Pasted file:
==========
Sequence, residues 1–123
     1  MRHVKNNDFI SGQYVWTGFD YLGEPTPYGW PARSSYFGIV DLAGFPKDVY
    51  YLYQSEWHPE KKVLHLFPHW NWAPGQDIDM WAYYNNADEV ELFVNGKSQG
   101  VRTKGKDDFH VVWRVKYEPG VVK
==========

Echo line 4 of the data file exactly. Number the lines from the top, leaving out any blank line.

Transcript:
   101  VRTKGKDDFH VVWRVKYEPG VVK